Keep in mind that the VCGT (video card gamma table) is universal, while the icc profile is not. So you should have the correct gamma everywhere already.

4 hours ago, Dimitris Stasinos said:

So even if a grade seems fine on Adobe's GUI and even on a player like VLC, the proper reference is Quicktime which uses the icc profile, right?

Assuming Quicktime uses the calibrated ICC profile, yes, that is correct. (As a Windows user, I have no experience with Quicktime).

4 hours ago, Dimitris Stasinos said:

So if the image looks desaturated on Quicktime the solution is to make a custom lut for After Effects which pushes the gamma to higher values. Is this correct?

If an application such as Quicktime is verifiably correct, then yes, you will probably have to use a LUT to make your other software match. I would try to confirm Quicktime's accuracy using image editors, as they usually have better icc profile support than video applications (after all, icc profiles are used calibrate printers for printing photos). If 4-5 different photo editors all use the calibrated icc profile and match each other and quicktime, you can be reasonably certain those are all correct.

However, gamma should be correct already (if my understanding is correct... I'm still figuring this out!) so my suspicion is that it's a problem with actual colors, or with video vs. data levels, rather than a gamma problem. I don't know how color management works in AE.

 

Which software to you use for calibration? I use DisplayCAL. It has a lot of nice tools, like generating a LUT from the icc profile. The forums there seem like a good place to ask questions.

Final note: VLC absolutely SUCKS for color. Afaik, there is no way to use an icc profile, and even a simple thing like specifying 16-235 vs. 0-255 levels is unreliable. You can be reasonably certain that VLC's color is not accurate.

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I just calibrated my monitor again, but this time used DisplayCal as @KnightsFan suggested, instead of iProfiler. Same settings but totally different results. X-rite's app (iProfiler) gives a strange red shift. Many users have mentioned the same thing, so i can definitely confirm this.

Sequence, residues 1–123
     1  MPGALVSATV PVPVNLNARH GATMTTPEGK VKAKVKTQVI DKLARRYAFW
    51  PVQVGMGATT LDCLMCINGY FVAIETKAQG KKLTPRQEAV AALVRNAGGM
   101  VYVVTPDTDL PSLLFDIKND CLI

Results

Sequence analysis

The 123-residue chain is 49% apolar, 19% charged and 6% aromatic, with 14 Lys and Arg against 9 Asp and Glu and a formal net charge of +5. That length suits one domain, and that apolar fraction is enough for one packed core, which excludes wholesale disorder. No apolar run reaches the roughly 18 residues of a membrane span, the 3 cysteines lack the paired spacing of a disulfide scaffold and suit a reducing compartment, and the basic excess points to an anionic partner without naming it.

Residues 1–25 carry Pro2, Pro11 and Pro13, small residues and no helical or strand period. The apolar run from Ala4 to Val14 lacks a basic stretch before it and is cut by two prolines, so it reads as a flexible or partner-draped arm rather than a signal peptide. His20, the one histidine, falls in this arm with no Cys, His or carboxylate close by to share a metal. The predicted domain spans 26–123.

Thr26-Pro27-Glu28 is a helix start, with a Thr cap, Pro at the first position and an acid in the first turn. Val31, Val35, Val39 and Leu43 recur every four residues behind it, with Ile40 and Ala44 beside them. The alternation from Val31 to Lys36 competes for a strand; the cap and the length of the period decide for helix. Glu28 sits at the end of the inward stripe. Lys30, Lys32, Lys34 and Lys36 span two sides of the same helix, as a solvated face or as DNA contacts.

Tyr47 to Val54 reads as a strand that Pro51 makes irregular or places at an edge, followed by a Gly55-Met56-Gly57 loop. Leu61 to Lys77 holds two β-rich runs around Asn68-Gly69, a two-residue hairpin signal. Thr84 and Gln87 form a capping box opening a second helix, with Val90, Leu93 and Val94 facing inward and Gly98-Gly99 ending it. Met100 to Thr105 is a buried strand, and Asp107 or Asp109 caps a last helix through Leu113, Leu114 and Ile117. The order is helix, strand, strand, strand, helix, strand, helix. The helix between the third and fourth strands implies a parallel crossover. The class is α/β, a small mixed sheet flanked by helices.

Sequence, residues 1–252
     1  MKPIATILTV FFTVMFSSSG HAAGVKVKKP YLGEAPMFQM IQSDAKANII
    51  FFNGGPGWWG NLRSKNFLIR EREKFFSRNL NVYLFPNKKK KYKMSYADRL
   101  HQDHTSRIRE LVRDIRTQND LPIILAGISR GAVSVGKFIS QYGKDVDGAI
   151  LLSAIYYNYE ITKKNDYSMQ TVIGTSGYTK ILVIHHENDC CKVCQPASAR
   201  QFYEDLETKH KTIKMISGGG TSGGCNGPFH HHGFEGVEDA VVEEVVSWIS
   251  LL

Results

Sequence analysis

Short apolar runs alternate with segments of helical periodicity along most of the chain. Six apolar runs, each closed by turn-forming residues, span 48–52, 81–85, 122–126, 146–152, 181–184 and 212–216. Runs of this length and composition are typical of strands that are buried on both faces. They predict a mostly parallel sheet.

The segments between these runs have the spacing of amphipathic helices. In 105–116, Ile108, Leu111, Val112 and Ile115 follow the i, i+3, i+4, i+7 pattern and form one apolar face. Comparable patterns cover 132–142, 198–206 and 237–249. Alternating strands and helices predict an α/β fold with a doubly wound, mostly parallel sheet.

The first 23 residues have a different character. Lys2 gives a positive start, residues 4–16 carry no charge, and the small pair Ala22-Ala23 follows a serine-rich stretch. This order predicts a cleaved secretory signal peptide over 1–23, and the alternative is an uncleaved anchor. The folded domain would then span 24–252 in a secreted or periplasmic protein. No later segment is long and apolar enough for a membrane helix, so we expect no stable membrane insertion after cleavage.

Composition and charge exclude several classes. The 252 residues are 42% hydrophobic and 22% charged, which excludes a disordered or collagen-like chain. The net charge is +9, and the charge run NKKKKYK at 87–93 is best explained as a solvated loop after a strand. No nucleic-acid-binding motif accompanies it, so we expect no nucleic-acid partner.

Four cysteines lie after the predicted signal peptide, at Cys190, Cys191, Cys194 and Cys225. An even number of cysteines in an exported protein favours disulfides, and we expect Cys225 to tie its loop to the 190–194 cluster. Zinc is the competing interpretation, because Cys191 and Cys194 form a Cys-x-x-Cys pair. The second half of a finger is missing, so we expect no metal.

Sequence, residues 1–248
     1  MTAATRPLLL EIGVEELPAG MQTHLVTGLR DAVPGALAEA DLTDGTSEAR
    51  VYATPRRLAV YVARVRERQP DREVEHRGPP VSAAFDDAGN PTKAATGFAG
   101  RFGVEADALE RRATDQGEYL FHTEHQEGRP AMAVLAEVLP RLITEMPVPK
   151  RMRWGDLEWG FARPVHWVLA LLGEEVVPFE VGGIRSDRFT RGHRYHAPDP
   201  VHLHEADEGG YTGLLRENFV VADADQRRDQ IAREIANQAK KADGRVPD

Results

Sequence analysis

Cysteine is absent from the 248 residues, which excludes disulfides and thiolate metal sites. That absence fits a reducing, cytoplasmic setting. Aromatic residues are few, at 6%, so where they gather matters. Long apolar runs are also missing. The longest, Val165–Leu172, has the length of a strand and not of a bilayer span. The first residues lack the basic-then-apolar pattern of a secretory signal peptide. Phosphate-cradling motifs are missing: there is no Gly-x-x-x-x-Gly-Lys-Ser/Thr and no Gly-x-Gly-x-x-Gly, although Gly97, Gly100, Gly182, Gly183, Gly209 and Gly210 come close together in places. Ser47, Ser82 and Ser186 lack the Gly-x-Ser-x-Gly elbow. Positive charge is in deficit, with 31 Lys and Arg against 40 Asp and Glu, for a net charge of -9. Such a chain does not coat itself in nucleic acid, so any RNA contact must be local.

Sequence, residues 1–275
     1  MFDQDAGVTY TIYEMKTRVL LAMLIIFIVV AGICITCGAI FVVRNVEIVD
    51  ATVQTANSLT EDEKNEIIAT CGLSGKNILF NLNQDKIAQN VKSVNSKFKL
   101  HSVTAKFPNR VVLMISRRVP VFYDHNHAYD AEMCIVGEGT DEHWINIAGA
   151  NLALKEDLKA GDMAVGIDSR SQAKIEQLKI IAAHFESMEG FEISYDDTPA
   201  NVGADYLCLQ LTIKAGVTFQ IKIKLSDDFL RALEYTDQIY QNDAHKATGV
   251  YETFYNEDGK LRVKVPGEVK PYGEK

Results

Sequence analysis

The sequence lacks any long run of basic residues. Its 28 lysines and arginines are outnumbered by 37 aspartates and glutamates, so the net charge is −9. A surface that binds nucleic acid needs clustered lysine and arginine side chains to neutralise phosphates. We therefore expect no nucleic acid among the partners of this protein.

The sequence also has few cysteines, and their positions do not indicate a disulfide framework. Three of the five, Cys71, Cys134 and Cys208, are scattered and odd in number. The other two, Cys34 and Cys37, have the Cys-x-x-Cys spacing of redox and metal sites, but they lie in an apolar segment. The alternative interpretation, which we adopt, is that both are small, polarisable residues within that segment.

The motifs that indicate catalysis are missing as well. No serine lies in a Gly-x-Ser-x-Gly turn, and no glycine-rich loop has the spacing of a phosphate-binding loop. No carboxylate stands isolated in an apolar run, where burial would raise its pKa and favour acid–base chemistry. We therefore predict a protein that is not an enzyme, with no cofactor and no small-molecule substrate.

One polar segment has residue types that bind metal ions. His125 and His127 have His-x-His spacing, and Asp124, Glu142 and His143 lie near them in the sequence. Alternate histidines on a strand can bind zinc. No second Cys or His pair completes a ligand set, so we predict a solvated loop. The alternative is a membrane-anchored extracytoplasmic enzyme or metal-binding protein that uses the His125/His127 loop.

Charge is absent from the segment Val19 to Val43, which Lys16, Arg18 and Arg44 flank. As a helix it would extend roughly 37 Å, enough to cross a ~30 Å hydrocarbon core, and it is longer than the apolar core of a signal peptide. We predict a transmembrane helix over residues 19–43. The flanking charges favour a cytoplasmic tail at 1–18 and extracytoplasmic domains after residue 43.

As for After Effects, i forced the application to use my icc profile and the results where totally off. I tried the same thing with Premiere by exporting stills which i passed through a simple colorimetry process using Photoshop. I am sure i made a lot of mistakes and this was not a scientific test in any universe but i can say this with confidence: The color management in Adobe video apps on a mac doesn't work in harmony with Colorsync. Even if you force these apps to implement an icc profile you can't trust what you see.

KnightFan said that VLC's color is not accurate and i totally agree. But i was not expecting in any case that i would see the exact color management inside 2 widely used Adobe's apps.

I made a custom lut in Photoshop, then added that on an adjustment layer in AE and exported my files again. That was the quickest way to fix the color shift and it worked as a charm. I think...

Overall i think those are major issues and must be discussed more on the forums. It's funny cause we talk everyday about how disruptive a codec or a compression method could be and i just discovered that every single clip i have exported from AE has been rendered in a slightly shifted colorspace.

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On 10/13/2018 at 1:37 PM, Geoff CB said:

Media Player Classic gives the best results for me on PC. 

 

8 hours ago, ade towell said:

Me too

I checked out Media Player Classic Home Cinema (MPC-HC). It's an improvement over VLC, but it does not match my other color-managed applications (yet!). Would you guys mind sharing your settings or any insights? Currently, I have found:

A) Davinci resolve, Krita, Rawtherapee, and GIMP all look identical, and all are manually set to use my calibrated icc profile. In the case of Resolve, this includes generating a 3D LUT from the icc profile using DisplayCAL, as per the tutorial here. (Though I am using sRGB instead of Rec709).